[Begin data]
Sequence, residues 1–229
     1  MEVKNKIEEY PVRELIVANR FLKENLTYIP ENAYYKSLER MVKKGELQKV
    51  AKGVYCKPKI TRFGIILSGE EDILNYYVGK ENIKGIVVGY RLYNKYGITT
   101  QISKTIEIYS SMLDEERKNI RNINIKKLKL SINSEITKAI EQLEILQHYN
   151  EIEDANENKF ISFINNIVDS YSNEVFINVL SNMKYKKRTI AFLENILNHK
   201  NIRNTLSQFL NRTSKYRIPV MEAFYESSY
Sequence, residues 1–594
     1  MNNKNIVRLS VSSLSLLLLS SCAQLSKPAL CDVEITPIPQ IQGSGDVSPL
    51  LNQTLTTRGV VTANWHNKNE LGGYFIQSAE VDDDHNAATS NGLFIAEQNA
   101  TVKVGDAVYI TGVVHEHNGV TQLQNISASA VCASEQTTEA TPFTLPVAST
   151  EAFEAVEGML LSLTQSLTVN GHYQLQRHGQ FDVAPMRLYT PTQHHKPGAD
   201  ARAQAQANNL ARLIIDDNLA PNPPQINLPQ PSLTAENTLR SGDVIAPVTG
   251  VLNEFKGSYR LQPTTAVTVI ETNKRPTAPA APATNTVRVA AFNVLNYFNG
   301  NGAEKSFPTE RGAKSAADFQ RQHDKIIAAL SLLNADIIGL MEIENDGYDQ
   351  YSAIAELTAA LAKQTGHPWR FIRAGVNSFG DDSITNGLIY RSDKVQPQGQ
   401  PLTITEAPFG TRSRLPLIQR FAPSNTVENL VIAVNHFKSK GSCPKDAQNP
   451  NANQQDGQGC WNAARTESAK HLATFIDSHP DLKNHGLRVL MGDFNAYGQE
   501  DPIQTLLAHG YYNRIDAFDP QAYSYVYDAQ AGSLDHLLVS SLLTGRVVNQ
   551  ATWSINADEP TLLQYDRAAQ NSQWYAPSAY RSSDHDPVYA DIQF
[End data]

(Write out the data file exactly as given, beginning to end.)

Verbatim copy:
Sequence, residues 1–229
     1  MEVKNKIEEY PVRELIVANR FLKENLTYIP ENAYYKSLER MVKKGELQKV
    51  AKGVYCKPKI TRFGIILSGE EDILNYYVGK ENIKGIVVGY RLYNKYGITT
   101  QISKTIEIYS SMLDEERKNI RNINIKKLKL SINSEITKAI EQLEILQHYN
   151  EIEDANENKF ISFINNIVDS YSNEVFINVL SNMKYKKRTI AFLENILNHK
   201  NIRNTLSQFL NRTSKYRIPV MEAFYESSY
Sequence, residues 1–594
     1  MNNKNIVRLS VSSLSLLLLS SCAQLSKPAL CDVEITPIPQ IQGSGDVSPL
    51  LNQTLTTRGV VTANWHNKNE LGGYFIQSAE VDDDHNAATS NGLFIAEQNA
   101  TVKVGDAVYI TGVVHEHNGV TQLQNISASA VCASEQTTEA TPFTLPVAST
   151  EAFEAVEGML LSLTQSLTVN GHYQLQRHGQ FDVAPMRLYT PTQHHKPGAD
   201  ARAQAQANNL ARLIIDDNLA PNPPQINLPQ PSLTAENTLR SGDVIAPVTG
   251  VLNEFKGSYR LQPTTAVTVI ETNKRPTAPA APATNTVRVA AFNVLNYFNG
   301  NGAEKSFPTE RGAKSAADFQ RQHDKIIAAL SLLNADIIGL MEIENDGYDQ
   351  YSAIAELTAA LAKQTGHPWR FIRAGVNSFG DDSITNGLIY RSDKVQPQGQ
   401  PLTITEAPFG TRSRLPLIQR FAPSNTVENL VIAVNHFKSK GSCPKDAQNP
   451  NANQQDGQGC WNAARTESAK HLATFIDSHP DLKNHGLRVL MGDFNAYGQE
   501  DPIQTLLAHG YYNRIDAFDP QAYSYVYDAQ AGSLDHLLVS SLLTGRVVNQ
   551  ATWSINADEP TLLQYDRAAQ NSQWYAPSAY RSSDHDPVYA DIQF